Later in the New Testament we see exactly what kind of fruit we should be bearing. Paul calls them the fruit of the Spirit. This is a handy checklist to see what kind of fruit we are bearing. They are: “love, joy, peace, patience, kindness, goodness, faithfulness, gentleness and self-control” (Galatians 5:22-23). Check yourself against this list to see what you need to work on. I would even encourage you to ask others to see what fruit they see you bearing (a word of caution on this one though, if you’re going to ask someone to look at your fruit choose someone that will give it to you straight but still be encouraging. It is too easy to get really negative and only focus on your faults and that’s the last thing you want to do. So choose wisely, someone that you trust and is encouraging).

If you’re not showing these fruits there may be a problem with your nutrient supply. Maybe it means spending more time in the Word or more time praying. See, if you’re not producing any fruit what good are you? If my tree did not produce any flowers I would be the proud owner of a big stick stuck in my back yard. I might as well pull it out. One of the signs of a mature Christian is mature fruits. Even if you’ve been a Christian for a long time, you can still have immature fruits. So no matter where you are, mature or brand-new, you can still grow even more. That’s the beauty of our God. You can always be (and should be always) growing.

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A few weeks ago while I was in Los Angeles, I had the opportunity to watch some women’s basketball. My friend Raelen (there was recently a nice article about her in the Star Bulletin http://starbulletin.com/2004/02/29/sports/story14.html) plays for Loyola Marymount University so I went to watch her in action. Now if any of you watch sports, you know that it is rare that any one team or individual wins wire-to-wire. That’s part of the fun of watching or playing sports. Watching one team take a lead only to give it up again and so on. Usually, the outcome is not determined in the first ten minutes and with any luck it goes right down to the wire so it stays exciting (Game 6 of the 1986 World Series between the Mets and Red Sox comes to mind…sorry Buckner). This is how it was when I went to watch Rae play. By the time I got there (half an hour late due to the wonderful traffic in LA), LMU was up by 6 points or so. Then during the second half, they lost the lead and trailed 5 points or so. This went on for most of the second half and the game remained exciting until the final three minutes when LMU finally pulled away and won a double digit victory.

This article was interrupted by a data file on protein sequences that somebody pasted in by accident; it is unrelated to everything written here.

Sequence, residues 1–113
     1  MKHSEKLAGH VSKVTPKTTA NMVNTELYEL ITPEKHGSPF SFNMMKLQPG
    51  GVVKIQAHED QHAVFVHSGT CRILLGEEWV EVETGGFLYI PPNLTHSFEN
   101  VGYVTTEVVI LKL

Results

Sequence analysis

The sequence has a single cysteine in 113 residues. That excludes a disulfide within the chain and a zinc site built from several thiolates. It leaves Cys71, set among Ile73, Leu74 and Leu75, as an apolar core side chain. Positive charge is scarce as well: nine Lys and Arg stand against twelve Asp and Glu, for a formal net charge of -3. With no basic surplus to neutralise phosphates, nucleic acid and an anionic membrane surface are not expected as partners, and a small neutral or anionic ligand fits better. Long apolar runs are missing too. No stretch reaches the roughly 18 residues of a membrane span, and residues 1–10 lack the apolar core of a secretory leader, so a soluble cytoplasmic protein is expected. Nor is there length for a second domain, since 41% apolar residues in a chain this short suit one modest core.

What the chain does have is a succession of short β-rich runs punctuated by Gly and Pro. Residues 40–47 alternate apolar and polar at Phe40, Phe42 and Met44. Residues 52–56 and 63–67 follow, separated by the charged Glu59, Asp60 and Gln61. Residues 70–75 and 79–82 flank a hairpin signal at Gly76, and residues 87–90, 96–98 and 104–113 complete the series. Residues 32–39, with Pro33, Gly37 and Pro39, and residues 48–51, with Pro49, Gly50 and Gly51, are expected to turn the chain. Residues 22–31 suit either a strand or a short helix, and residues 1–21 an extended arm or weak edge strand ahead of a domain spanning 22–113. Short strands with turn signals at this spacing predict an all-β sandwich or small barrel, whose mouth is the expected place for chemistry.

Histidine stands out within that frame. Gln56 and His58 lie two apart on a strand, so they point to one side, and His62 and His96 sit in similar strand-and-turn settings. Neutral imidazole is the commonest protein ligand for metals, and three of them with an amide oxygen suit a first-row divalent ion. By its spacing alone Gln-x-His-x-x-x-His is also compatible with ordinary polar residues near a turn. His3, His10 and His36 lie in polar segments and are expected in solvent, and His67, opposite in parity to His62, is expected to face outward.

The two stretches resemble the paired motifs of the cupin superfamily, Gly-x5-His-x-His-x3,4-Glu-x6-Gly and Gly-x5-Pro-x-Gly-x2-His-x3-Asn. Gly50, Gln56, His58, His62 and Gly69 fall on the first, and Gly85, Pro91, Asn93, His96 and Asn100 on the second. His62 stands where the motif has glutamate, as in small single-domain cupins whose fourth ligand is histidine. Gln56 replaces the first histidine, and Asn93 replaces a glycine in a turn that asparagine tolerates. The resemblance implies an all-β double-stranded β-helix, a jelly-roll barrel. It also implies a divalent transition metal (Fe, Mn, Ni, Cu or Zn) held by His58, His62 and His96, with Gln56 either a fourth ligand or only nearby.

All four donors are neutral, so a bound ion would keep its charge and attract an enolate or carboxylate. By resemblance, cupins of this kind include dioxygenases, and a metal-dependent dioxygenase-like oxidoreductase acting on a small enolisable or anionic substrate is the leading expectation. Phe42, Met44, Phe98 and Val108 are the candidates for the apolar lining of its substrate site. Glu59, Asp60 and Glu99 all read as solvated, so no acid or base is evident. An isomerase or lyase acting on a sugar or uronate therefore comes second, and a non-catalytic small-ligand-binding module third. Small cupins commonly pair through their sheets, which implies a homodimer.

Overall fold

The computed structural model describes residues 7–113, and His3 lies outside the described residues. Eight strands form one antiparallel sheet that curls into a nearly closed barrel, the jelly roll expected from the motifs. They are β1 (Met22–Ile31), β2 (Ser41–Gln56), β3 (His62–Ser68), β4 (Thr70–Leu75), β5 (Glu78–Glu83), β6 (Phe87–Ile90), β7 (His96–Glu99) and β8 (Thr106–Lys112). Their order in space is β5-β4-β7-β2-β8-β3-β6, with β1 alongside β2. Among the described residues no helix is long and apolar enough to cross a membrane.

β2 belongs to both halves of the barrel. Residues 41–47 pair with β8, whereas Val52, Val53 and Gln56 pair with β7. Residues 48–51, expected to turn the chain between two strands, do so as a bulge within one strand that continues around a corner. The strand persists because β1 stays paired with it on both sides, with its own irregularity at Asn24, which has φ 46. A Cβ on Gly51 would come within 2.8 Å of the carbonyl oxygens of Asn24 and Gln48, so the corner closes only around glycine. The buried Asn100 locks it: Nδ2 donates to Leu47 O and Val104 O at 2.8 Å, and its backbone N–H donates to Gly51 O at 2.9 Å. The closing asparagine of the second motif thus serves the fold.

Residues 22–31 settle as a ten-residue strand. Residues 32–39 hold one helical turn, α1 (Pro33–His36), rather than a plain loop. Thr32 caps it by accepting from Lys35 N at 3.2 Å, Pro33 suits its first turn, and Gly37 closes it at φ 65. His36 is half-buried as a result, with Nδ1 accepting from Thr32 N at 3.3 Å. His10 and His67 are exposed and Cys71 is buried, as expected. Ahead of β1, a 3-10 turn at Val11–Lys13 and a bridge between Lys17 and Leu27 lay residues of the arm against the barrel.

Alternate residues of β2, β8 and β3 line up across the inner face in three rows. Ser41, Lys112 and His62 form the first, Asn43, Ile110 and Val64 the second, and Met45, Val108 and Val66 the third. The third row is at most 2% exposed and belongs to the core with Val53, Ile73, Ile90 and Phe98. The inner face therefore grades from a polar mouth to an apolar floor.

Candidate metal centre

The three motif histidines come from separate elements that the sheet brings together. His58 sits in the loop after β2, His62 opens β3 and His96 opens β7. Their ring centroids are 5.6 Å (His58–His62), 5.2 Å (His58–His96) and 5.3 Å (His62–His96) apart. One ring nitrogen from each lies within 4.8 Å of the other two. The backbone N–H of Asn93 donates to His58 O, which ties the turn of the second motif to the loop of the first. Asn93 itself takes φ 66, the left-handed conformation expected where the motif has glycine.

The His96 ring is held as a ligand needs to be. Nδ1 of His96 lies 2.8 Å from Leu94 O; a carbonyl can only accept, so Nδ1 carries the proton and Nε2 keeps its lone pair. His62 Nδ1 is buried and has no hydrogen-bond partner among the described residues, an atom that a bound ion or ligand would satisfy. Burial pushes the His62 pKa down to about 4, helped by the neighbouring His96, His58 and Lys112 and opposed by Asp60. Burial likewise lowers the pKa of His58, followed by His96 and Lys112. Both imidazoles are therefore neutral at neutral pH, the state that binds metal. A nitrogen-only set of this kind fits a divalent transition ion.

Of course not everything goes exactly as we planned. Things go wrong, people let us down, there was an accident here or there. Life sometimes gets tough. What is the “exciting” factor in sports becomes a depressing, discouraging let down in life. Why? Aren’t we following God? Aren’t we doing what he wants? Aren’t we in his will? Why are things still going wrong? Why is so-and-so’s life going so much better than mine? These are tough questions and I believe they are very valid. While it is true that Jesus came “to give life in all its fullness” we must remember that there the first part of the verse also says that “the thief comes only to steal and kill and destroy” (John 10:10).

In the book of Matthew it says that “Jesus made the disciples get into the boat and go on ahead of him to the other side” (14:22). Later, as they were going ahead of Jesus they got into trouble because “a strong wind had risen, and they were fighting heavy waves” (14:24). So you see, even here, as the disciples were doing exactly what Jesus commanded them to do, they still encountered heavy waves. To further confirm this point, Peter, at the command of Jesus starts walking on water. He succeeds for a little while “but when he looked around at the high waves, he was terrified and began to sink” (14:30). Jesus then saved him and when they got back to the boat the winds and waves stopped.

If we take this example of Peter, we can see that while he remained focused on Jesus and did what Jesus commanded, he succeeded. The minute he took his eyes off of Jesus and started focusing on the circumstance he started sinking. That’s how it is in our lives. The devil would like nothing more than to trip you up and make you take your eyes off of Jesus. While it is true that Jesus did come to give us an abundant life, we must have the faith to hold on to it and not look at the circumstances no matter what they may be. We are encouraged to “hold fast the profession of our faith without wavering; (for he is faithful that promised)” (Hebrews 10:23). It is not easy to go through life unwavering, but God promises us a great reward if we do. Just as Rae and her team believed they could win and didn’t give up even though they were at one point trailing, we must have that same kind of faith. Even when the chips are down, God still says that we win. Think about that. As exciting as our lives (and sports) are, the only anti-climactic part is the end. We already know how that part turns out. The Bible says that “overwhelming victory is ours through Christ, who loved us” (Romans 8:37).